The reverse designs of the coins in the series are inspired by narratives prepared by the Chief Justice of the United States at the request of the United States Mint. The other five design themes are: “To Form a More Perfect Union” (released in 2009); “To Insure Domestic Tranquility” (2011); “To Provide for the Common Defence” (2012); “To Promote the General Welfare” (2013); and “To Secure the Blessings of Liberty to Ourselves and our Posterity” (2014).

Orders will be accepted at the United States Mint’s Online Catalog at http://www.usmint.gov/catalog or at the toll-free number 1-800-USA-MINT (872-6468). Hearing- and speech-impaired customers may order by calling 1-888-321-MINT. A shipping and handling fee of $4.95 will be added to all domestic orders. Orders will be limited to five coins per household for the first week of the product’s release. At the end of this week, the United States Mint will re-evaluate this limit and either extend, adjust or remove it.

The 2010 coin’s reverse was designed by United States Mint Artistic Infusion Program Master Designer Donna Weaver and sculpted by Sculptor-Engraver Phebe Hemphill. The design features a blindfolded justice-symbolizing impartiality-holding traditional scales and carrying a branch of laurel. Inscriptions are JUSTICE THE GUARDIAN OF LIBERTY (from the east pediment of the Supreme Court building), 1oz., $100, .9995 PLATINUM and UNITED STATES OF AMERICA. A new design element, an American Eagle “privy mark,” is being included on each coin in the series. The privy mark is from an original “coin punch” identified at the United States Mint at Philadelphia. The coin’s obverse (heads side) was designed and sculpted by United States Mint Chief Engraver John Mercanti. The design features Lady Liberty, a symbol of vigilance and resolute faithfulness to duty.

The American Eagle Platinum Proof Coins are minted at the United States Mint at West Point and have the W mint mark. Mintage is limited to 10,000 units. The coin’s price will be based on the United States Mint’s pricing structure for numismatic products containing precious metals.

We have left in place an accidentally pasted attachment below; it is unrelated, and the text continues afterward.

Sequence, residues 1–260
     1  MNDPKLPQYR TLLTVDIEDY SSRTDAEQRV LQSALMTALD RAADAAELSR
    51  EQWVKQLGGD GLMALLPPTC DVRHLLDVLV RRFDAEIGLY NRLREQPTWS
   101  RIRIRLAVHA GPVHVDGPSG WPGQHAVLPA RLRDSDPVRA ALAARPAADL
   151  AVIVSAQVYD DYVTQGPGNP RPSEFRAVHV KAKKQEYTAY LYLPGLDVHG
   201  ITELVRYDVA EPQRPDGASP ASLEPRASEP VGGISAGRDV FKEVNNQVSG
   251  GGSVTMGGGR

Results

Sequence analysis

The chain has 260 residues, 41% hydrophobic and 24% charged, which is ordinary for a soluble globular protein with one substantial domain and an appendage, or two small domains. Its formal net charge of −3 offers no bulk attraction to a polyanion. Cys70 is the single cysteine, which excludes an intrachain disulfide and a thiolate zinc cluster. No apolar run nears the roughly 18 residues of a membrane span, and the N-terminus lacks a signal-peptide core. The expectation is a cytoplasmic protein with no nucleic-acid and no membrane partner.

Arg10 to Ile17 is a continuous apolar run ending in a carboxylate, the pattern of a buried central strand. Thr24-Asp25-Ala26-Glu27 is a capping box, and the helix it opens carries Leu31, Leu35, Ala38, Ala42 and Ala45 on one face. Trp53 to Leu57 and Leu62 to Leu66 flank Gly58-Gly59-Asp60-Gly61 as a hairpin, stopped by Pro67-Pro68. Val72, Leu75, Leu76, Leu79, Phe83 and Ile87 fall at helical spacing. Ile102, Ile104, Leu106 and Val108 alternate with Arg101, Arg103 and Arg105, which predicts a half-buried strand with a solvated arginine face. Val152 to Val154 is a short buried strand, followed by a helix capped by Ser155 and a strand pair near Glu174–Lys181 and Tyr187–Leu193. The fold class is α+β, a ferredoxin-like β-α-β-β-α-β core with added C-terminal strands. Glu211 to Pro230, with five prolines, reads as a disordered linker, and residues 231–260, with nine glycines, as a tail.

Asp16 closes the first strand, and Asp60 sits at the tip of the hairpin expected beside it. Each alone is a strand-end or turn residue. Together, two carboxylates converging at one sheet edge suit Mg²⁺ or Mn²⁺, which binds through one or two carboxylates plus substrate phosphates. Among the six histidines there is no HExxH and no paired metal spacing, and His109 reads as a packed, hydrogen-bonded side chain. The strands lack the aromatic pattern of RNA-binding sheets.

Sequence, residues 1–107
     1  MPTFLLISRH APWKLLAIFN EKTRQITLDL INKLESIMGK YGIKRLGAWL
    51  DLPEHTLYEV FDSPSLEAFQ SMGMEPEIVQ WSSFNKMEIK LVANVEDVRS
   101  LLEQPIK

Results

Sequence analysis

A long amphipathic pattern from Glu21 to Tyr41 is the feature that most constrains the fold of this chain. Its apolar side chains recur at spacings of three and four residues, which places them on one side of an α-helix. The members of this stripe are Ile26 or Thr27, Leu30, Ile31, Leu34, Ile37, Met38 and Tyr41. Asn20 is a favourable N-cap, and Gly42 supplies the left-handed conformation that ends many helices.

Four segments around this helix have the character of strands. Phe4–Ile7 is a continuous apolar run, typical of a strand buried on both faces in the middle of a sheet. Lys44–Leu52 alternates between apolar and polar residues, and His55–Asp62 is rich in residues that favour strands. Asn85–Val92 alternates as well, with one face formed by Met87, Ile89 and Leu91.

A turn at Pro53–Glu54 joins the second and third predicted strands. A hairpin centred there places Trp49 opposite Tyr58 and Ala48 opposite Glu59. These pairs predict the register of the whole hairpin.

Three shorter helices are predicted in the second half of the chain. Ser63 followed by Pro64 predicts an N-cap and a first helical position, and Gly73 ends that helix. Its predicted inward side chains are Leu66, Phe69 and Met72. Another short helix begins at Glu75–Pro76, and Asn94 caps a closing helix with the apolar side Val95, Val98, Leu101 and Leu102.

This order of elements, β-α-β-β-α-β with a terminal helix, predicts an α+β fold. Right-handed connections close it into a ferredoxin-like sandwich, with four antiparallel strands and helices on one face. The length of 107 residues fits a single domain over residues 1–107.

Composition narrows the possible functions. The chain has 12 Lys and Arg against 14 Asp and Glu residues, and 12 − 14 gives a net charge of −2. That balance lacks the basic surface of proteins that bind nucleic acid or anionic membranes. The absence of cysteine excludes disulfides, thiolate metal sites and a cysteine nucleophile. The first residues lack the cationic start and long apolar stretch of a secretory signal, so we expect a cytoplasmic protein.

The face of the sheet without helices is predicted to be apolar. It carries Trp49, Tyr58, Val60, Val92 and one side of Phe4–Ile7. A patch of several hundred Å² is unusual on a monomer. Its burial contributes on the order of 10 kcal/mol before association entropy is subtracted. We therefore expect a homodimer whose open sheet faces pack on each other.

The Story of the Two Greatest Gold Shipments In The History of the United States Mints

by Dr. Thomas F. Fitzgerald from the California Numismatist

Twice within a span of almost twenty-five years, all of the gold from the vaults of the 2nd San Francisco Mint, sometimes called the “Granite Lady,” was sent to the United States Mint in Denver, Colorado. Yet the story of these two operations could not have been more different. The first transfer was accomplished with so much secrecy that even the newspapers knew nothing of what was going on. But the second transfer was so well publicized that it included parades and search-lights calling attention to the shipments. This is the story of these two great shipments of gold.

The Very Secret Gold Transfer of 1908

In May 1897 newspaper editor and publisher Frank A. Leach accepted a political appointment by President McKinley to become the superintendent of the San Francisco Mint. He had wanted to divest himself of the newspaper business and this seemed like an ideal new career. Leach assumed his duties on August 1, 1897.

The Great San Francisco Earthquake and Fires

It was a typical dawn in the Bay Area. Without warning a shaking of the earth occurred. It was 5:12 a.m. Wednesday, April 18, 1906! The “Great San Francisco Earthquake,” as it became known, was followed within seconds by a violent shaking that ruptured numerous gas lines resulting in dozens of fires. At the same time it was discovered the city’s water mains had been damaged. San Francisco, surrounded on three sides by water, could not battle the flames with water.

Just two years after the famous 1906 earthquake left the San Francisco mint’s surroundings in shambles, concerns about the mint’s storage capacity and security prompted the move of 331 million dollars worth of bullion to the mint in Denver.

Frank Leach made his way from his home in Oakland to the mint and, together with 50 mint employees and a squad of 10 soldiers, prepared to fight the inferno and save the mint. However, at the beginning of the struggle, the outcome was very much in doubt. The battle lasted for hours but shortly before 5:00 p.m. the fires were out and the building was saved. The men were able to leave the mint, return to their homes and reunite with their families.

More importantly for our story, the mint’s basement vaults that contained millions of dollars of gold and silver coins were saved. (more…)

Yosemite National Park Quarters Available July 26